I suppose it comes down to: "what makes you think the gamist does not care about the characters family"?  I see no contradiction in gamist players pursuing such "nebulous" in-game goals.


I agree with contra here.  As a "rules lawyer" (or so my group has labeled me), I still require character goals to feel fully engaged in the game.  However: unless my DM has worked in the necessary plot elements for me to feel in some way like the story of my family has been in large part crafted by me, then no... I'd wouldn't feel particularly inclined to respond emotionally to a situation I had no part in creating just because the GM felt that an emotional response in this situation would somehow make for a "better narrative".  I would rather the GM, if he wanted to create an emotional situation, would set up the plot in such a way that I felt an honest emotional relationship with a plot element I helped create.

I have no idea if this is gamist.  I don't really care.  I just know that this is how I feel a well-run game will 'feel'... like the players are creating their own stories in response to the GM's objective descriptions.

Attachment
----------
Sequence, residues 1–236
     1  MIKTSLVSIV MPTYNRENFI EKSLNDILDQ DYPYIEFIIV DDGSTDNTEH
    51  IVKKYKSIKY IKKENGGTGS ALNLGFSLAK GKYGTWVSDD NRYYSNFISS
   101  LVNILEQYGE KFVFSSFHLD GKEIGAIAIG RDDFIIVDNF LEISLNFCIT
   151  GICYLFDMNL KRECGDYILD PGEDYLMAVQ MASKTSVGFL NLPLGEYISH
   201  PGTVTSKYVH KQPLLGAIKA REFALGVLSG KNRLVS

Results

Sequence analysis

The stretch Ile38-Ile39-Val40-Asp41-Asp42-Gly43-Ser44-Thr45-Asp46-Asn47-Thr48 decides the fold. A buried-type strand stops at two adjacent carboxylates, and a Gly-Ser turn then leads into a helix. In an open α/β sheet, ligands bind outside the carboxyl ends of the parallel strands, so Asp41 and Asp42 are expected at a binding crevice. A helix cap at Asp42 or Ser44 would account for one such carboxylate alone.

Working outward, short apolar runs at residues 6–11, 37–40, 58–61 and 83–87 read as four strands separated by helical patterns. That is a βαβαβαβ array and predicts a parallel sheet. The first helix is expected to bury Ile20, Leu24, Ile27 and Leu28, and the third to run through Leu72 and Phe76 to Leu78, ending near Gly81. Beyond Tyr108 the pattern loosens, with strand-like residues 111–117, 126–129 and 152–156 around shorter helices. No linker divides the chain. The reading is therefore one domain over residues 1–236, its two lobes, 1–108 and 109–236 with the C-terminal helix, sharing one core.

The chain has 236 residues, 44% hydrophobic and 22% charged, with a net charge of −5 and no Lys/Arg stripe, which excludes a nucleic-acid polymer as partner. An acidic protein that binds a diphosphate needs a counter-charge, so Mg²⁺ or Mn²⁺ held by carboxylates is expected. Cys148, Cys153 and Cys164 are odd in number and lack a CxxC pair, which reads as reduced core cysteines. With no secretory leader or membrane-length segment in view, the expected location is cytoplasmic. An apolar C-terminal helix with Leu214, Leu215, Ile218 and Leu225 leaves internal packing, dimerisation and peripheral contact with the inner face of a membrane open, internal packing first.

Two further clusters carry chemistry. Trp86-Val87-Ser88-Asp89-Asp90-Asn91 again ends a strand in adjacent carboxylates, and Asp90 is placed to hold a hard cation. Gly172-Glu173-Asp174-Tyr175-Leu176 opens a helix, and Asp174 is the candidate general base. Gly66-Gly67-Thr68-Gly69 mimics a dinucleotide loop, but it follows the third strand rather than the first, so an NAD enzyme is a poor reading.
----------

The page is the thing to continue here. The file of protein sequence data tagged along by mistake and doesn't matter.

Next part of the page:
Logged
Mike Holmes
Acts of Evil Playtesters
Member

Posts: 10459


« Reply #10 on: October 17, 2001, 11:50:00 AM »

TW,

Jesse admitted afterwards that he had overreacted. Gasmism does not imply rejecting all other forms of play. It just means prefering those elements that are competitive, etc.

What you seem to like seems more Narrativist, but that's just fom your brief description. There is no reason why a player can't like all three modes of play. I certainly do. And you seem to get a kick out of at least two.

Mike
Logged

Member of Indie Netgaming
-Get your indie game fix online.
contracycle
Member

Posts: 2807


« Reply #11 on: October 19, 2001, 02:09:00 AM »

Quote

does not imply rejecting all other forms of play. It just means prefering those elements that are competitive, etc.